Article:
Mechanical Pangolin - Coral Woods

©Victoria and Albert Museum, London View Inspiration Details

Artist Statement

Coral Woods

The Mechanical Pangolin is inspired by several objects in the Museum of Childhood. I visited because my class at Morley is in making automata, and I very much enjoyed looking at the variety of mechanical toys there, however I was particularly struck by two other things during my visit: The Slinky toy and the detailed fish-scale marble mosaic floor of the museum made by women prisoners from Woking gaol. The Slinky was being demonstrated to a party of schoolchildren when I visited. I have always loved the simplicity of the way the spring bends and flows, and the rich sinuous tactile feel of the toy, it is evidently still a popular toy, though it was first manufactured in 1945. The fish-scale floor is poignant, the laborious nature of the work, and that you can appreciate the different hands in the varied sizes of mosaic, resonated with me.

In researching scales, I came across varieties of ‘dragon scales’ online, and decided to make my own ‘scalemaille’, fashioned into a pangolin that would curl up like a Slinky toy. Like all my ideas, this was easier to think of than to execute! Linking the scales into a ‘skin’ was quite difficult, and I wanted the movement to be looped and smooth – my first ideas of using a cam proved too sticky, but I learned more as the class progressed, and also to treat gravity as my friend, so now it moves well!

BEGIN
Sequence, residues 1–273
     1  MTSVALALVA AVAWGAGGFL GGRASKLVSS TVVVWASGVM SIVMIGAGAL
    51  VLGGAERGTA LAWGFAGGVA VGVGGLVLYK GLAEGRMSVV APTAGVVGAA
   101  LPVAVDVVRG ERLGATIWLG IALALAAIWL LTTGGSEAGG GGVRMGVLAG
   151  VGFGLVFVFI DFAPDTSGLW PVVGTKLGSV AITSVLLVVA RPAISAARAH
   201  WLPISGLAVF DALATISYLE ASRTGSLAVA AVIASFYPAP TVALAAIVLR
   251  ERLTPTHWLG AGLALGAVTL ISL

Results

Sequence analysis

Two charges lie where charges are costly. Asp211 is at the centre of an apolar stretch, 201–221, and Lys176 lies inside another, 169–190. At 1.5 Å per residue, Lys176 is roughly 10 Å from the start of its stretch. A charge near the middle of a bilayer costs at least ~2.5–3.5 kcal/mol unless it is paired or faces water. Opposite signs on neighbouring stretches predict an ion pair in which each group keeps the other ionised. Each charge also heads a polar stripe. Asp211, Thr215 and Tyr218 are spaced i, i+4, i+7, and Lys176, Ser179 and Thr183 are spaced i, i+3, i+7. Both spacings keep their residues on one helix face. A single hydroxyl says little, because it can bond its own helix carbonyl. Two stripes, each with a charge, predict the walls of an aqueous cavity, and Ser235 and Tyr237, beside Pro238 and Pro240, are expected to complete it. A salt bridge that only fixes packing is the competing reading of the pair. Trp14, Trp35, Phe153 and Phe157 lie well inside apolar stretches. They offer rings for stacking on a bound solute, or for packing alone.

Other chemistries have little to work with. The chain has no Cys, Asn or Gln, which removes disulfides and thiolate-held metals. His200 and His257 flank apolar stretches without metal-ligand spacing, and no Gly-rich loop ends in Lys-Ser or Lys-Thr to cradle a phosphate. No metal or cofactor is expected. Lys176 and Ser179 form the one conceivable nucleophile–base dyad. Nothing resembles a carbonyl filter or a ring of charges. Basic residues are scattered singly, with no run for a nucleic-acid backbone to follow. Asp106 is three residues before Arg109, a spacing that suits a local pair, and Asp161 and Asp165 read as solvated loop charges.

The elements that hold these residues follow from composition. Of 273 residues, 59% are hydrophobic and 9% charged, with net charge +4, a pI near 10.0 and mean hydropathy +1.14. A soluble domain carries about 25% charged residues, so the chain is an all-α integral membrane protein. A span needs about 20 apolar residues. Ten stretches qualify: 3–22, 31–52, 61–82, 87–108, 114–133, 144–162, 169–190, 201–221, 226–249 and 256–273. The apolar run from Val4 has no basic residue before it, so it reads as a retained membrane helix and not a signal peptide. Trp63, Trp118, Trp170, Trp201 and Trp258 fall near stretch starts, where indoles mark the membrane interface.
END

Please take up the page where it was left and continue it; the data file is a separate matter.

I still have 4 classes to go in my course (it ends March24th) and so the work is not yet 100% finished. I used a prototype box to work out the mechanism, and I am looking for one with a better aesthetic. I am also still looking for suitable claws (I need 16).

Mechanical Pangolin - Coral Woods

©Victoria and Albert Museum, London

Inspiration details:

Slinky

USA (manufactured)

1995 (manufactured)

James Industries Inc (manufacturer)

Steel

Exhibition Guide

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